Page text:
You can answer "One of these guys wrote the book of Revelation" and then use the information in the article about it. And what John teaches us there about proper worship is not only what they did, but what God has revealed to him in vision, no less.

Did they meet at home? Of course. But they went to synagogues, they went to the Temple, they celebrated each and every feast. That they did even after the Pentecost for some time. And soon after the Temple was destroyed, God gave John a vision of what proper Liturgy should look like from that point on. It's not just a bunch of verses, it's an entire book and not just any book, but the one that opens up the Heavens for us to show us what's going on there. And... it's a Liturgy! People who would rather not be in Liturgical worships may find that the second option to what happens in Heaven may be more informal, but not as pleasant as they suspect... Smiley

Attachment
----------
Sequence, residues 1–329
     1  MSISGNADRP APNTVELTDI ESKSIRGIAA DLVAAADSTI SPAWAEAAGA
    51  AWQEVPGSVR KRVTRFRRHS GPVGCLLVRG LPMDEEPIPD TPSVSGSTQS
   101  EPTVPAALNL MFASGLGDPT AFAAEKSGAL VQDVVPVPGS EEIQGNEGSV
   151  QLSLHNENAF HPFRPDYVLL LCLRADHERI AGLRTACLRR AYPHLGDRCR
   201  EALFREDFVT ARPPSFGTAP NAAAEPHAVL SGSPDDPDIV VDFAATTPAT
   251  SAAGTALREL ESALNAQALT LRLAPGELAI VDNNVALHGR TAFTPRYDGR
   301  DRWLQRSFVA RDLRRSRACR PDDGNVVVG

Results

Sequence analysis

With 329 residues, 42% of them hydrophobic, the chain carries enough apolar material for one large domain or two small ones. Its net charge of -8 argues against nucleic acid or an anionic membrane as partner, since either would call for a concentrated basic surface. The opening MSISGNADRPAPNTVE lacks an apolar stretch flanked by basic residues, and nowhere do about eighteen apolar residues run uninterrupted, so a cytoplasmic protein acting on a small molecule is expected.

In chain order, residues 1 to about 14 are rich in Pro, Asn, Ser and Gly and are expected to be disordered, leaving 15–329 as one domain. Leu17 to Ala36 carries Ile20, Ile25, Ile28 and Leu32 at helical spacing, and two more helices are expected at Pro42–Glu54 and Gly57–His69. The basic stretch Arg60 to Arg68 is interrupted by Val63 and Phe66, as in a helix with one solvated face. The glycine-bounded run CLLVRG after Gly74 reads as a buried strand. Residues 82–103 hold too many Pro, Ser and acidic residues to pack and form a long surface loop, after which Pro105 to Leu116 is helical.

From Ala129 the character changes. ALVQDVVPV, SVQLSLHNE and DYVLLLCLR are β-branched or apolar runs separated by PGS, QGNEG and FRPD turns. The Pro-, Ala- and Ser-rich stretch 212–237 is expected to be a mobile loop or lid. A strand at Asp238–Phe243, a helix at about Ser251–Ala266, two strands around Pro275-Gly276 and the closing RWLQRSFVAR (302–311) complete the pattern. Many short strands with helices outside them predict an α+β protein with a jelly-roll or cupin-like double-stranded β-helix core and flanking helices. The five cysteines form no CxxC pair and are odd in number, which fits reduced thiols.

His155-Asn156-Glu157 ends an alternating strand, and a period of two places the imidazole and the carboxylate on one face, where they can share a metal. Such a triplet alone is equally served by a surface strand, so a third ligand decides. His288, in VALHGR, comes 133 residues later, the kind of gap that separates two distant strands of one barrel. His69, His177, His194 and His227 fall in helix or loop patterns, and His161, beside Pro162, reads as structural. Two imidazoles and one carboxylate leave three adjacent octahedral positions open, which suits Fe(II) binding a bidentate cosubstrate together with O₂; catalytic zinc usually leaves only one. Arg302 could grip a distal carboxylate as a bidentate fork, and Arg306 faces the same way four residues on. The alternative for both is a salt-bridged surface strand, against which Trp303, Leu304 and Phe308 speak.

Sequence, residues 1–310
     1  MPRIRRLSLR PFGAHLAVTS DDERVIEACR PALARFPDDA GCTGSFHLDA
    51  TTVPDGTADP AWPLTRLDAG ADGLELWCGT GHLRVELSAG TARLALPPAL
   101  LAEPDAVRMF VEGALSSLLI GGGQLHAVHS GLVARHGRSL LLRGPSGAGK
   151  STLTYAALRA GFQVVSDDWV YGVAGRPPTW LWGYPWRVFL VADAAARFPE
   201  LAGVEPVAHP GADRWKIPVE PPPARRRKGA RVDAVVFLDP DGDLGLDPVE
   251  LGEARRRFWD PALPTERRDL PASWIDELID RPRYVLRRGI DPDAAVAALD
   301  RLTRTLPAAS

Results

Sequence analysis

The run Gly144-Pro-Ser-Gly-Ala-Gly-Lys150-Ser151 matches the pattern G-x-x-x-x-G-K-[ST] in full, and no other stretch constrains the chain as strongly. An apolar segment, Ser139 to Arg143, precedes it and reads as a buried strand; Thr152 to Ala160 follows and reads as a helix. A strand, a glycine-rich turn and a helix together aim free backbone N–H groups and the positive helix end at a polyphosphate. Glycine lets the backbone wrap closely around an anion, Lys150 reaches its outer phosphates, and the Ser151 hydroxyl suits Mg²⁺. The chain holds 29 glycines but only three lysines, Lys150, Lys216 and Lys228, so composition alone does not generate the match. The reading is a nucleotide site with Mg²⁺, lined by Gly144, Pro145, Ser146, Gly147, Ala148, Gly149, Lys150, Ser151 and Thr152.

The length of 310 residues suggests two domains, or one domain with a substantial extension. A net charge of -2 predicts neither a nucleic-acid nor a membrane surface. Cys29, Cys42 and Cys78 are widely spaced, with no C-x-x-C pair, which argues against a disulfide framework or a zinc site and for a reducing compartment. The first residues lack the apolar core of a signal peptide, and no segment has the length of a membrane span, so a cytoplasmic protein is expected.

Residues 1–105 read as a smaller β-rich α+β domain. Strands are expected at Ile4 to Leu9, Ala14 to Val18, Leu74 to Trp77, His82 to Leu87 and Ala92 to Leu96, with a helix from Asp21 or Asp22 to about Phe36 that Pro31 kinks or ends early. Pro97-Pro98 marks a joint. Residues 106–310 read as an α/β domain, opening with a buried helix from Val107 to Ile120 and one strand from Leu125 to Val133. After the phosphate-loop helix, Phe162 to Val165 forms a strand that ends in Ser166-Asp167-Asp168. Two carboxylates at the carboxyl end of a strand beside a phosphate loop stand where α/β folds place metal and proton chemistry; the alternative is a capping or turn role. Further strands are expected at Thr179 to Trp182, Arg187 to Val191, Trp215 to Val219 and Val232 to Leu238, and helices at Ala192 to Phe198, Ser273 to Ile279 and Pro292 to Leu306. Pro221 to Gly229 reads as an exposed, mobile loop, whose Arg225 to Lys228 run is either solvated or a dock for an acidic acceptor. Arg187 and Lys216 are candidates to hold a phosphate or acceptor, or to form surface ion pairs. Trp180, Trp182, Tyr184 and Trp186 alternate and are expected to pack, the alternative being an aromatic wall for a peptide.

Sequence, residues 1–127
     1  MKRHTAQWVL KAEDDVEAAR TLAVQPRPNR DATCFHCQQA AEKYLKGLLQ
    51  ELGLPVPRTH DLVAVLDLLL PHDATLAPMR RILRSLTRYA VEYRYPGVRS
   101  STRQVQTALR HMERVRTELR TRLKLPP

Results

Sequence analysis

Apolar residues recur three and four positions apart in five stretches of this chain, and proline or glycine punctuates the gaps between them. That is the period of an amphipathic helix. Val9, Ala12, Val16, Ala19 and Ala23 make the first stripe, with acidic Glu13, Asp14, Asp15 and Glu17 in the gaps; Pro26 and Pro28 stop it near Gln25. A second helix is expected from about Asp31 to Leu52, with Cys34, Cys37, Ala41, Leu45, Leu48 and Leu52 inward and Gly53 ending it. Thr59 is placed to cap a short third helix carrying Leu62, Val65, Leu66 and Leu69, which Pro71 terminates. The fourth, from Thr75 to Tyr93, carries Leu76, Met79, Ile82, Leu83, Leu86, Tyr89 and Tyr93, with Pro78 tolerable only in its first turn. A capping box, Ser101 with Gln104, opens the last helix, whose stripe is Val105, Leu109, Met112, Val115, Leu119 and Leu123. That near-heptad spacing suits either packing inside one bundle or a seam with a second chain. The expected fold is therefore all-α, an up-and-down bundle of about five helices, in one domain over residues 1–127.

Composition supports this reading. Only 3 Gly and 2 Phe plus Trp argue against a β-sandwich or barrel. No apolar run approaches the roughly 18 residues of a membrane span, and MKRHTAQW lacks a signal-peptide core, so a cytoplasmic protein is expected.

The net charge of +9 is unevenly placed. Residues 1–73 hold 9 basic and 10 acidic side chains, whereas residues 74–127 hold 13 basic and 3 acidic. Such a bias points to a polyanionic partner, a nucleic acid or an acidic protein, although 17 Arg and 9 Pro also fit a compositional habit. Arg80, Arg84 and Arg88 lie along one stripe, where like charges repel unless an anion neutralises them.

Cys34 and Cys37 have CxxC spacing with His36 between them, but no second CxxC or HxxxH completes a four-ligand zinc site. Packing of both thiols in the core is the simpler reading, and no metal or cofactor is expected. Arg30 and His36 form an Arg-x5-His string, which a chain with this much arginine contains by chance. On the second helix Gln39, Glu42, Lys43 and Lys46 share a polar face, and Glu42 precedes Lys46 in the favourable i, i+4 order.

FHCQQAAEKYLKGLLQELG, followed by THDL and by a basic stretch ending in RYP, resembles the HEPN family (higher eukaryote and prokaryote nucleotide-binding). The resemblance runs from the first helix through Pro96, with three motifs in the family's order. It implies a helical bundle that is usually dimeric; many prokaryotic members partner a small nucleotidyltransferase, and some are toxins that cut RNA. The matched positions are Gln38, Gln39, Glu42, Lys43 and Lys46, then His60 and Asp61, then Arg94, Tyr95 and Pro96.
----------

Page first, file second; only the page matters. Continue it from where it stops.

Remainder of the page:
The point is that formal worship and informal worship are not contradictory. They complement each other. I see the value of home-based Bible studies, of prayers that are not pre-made, of Christ-inspired art with no "canons" to set any limits. This *is* good *also*. I wouldn't expect a singer who converted to sing only Byzantine or Gregorian chants. I would though expect to see the new faith infuence his art somehow and I would hope that he could sing Byzantine/Gregorian chants properly and know when and why to do each. I don't see why people couldn't get together to do "modern" style worship if that's their cup of tea as long as they understand that that is not what God showed us in Revelations, that is not what is going on in Heaven and that does not substitute a Liturgy.  It's *self* expression ("egophany" so to speak), and if there is love for God in the "self" to be expressed, great. But the Liturgy is about God-expression (theophany) into us. It's far, far deeper and God ordered.